It is precisely because the euro’s decline in over-determined that the slide has accelerated. It is not just that the ECB is buying sovereign bonds. It is not just that the strength of the US labor market has persuaded more participants that the Fed will lose its “patience” (as in forward guidance) next week. It is not just the European officials have yet to convince investors that EMU is irreversible. It is the fact that all three forces are operative.
These forces have conspired to get rid of the incentives global investors have for holding on to euros. Using Germany as a proxy, look at what has happened to interest rate differentials. The US 10-year yield is about 192 bp more than Germany. This is the widest since the late 1980s. The premium was only 166 bp at the end of February. The 2-year premium of 93 bp is an eight year high.
Moreover, consider the premium relative to German yields. A 192 bp premium the US offers on 10-year money compares with 20 bp the benchmark 10-year bund now offers. That is to say that the US yield not just a little larger than Germany, but 10-times more. At the 2-year part of the curve, one has to pay the German government for the privilege of lending it money. The US Treasury pays 70 bp to borrow your money.
Not only does the euro-based investor lock in a significantly higher yield by investing the US, but they also get the dollar exposure as a kicker. Already this month, the dollar has risen by more than 5% against the euro. Simply stated, euro-based investors are paid to be long US dollars. Anecdotal reports suggest that some financial institutions in the euro area are promoting dollar deposits for their euro-based clients.
The weak euro and low interest rates are fueling a surge in US corporates issuing euro-denominated paper. A year ago, one was paid about 6 bp to swap the euros into dollars (per year) for five years. Now one is paid nearly 40 bp.
If the interest rate differential stabilizes here, it is dollar-positive, but here is no compelling reason to think that the interest rate divergence has peaked yet. The ECB’s bond buying program has just begun. The Federal Reserve has not yet raised rates.
Even if one makes some conservative assumptions on the trajectory of Fed policy, the Fed funds target range may be 100-125 bp by September 2016, when the ECB’s bond buying program may end. The admittedly thinly traded September 2016 Fed funds futures contract implies a yield of 122 bp. These calculations mean that one will be paid to be long dollars against the euro not for months, but quarters, if not years.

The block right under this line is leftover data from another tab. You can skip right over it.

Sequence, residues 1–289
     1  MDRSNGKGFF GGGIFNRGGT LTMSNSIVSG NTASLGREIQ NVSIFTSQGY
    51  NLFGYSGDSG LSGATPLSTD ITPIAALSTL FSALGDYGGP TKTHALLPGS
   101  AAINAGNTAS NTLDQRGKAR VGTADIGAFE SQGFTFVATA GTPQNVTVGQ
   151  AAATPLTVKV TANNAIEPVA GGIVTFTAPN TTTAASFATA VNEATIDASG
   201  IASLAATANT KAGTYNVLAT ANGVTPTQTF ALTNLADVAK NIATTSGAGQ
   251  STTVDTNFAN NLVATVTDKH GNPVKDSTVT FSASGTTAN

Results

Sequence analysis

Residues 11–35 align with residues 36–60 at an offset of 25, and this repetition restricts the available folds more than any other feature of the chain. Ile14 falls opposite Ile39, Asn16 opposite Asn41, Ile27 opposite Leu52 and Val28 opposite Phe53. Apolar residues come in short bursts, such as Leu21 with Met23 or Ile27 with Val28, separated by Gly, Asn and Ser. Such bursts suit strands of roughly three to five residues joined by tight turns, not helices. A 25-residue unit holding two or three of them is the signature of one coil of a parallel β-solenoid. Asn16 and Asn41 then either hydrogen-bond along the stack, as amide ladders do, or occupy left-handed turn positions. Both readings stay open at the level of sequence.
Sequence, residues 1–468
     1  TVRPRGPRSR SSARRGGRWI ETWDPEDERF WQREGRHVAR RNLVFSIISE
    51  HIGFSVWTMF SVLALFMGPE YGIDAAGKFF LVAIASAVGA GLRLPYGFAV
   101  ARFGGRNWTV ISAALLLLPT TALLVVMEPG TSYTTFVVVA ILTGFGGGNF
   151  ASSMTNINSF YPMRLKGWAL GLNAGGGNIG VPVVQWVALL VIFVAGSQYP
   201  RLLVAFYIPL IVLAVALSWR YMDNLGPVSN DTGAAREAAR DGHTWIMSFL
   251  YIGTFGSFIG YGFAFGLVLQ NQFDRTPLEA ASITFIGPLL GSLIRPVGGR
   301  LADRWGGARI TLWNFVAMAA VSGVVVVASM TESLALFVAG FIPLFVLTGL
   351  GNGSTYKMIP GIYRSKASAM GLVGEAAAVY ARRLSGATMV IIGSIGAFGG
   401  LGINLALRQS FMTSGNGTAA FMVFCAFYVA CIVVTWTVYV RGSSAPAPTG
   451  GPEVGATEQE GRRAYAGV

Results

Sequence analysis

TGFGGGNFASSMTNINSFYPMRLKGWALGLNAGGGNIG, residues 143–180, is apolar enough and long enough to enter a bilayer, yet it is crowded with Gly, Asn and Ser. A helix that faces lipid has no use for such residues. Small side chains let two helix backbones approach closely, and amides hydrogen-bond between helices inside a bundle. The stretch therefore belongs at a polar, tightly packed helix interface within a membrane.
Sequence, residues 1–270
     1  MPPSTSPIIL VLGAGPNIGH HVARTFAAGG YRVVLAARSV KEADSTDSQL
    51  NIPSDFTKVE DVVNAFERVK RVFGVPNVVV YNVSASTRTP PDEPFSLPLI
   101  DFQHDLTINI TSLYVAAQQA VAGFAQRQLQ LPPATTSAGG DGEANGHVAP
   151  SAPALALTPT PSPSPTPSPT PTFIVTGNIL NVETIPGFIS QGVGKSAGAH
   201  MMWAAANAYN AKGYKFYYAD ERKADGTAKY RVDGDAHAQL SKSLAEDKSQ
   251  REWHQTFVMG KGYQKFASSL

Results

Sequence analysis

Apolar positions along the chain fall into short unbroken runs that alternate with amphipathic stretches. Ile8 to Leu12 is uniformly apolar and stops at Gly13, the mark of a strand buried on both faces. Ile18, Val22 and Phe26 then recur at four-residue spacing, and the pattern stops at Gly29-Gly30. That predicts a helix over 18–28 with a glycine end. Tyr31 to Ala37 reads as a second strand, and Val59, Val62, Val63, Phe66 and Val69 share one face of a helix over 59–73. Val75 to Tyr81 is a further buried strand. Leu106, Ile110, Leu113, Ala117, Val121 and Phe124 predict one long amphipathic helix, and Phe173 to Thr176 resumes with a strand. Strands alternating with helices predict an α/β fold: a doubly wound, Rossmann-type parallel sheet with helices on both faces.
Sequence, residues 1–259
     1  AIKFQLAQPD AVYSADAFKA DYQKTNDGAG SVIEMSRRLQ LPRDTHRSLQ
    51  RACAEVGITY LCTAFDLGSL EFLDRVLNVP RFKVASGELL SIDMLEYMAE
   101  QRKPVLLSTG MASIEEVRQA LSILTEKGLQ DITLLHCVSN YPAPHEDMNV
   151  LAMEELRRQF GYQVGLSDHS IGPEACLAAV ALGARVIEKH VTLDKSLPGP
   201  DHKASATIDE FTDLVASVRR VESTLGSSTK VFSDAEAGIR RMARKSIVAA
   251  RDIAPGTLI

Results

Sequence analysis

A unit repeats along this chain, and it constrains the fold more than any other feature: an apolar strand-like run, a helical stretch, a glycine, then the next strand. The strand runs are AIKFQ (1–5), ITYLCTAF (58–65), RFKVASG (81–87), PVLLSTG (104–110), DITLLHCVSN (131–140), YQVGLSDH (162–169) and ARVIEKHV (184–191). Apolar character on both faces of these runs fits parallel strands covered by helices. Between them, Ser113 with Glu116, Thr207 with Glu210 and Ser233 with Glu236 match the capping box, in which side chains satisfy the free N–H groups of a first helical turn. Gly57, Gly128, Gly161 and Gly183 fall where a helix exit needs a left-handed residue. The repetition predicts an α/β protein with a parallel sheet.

It still does not seem widely appreciated that during the Federal Reserve’s long-term asset purchase, foreign investors were more willing to sell their Treasury and Agency securities than domestic investors. We suspect the same general pattern will be repeated under the ECB’s plan. Eurozone banks buy their sovereign bonds as they boost their core capital under the new regulatory regime. Pension funds and insurance companies may not be eager sellers either as it will be difficult to replace the yield in their portfolios.
Some speculative foreign investors may have bought European bonds on ideas they will be able to sell them to the European central banks at a higher price. Other private foreign investors will likely be more eager than EMU-based investors. The drag from the euro is more than offsetting the capital gains on the bonds. Foreign central banks who had diversified into euro instruments might look to reduce their exposure. As Draghi noted at last week’s ECB press conference, about half of the euro area bonds are held outside the euro area. Given the incentives discussed above, we suspect that the foreign sales to the European central banks will lead to an exodus from the euro itself.
The dollar bull market that is associated with Reagan’s first term saw the euro equivalent (it of course did not exist at the time) decline by roughly 57%. The dollar bull market associated with Clinton presidency saw the euro equivalent (and the actual euro) decline was about 45%. Given the magnitude of the divergence of monetary policy and its trajectory, if this dollar bull market is going to be line with the magnitude of the two previous bull markets, the euro’s decline will see it test the record lows set in 2000 around 82 cents.
We note that both of those earlier dollar bull markets ended only after the central banks coordinated intervention. This is not to suggest another Plaza Agreement (this year is the 30th anniversary). Rather it speaks to the power of the bull markets. Just as the dollar overshot on the downside, the bull market will not be over until the dollar overshoots on the upside. It strikes us that those who do not think that the euro will fall as far as we suggest have the burden of proof. They must argue that something will prevent the dollar from rising as far as it has in past multi-year bull markets.
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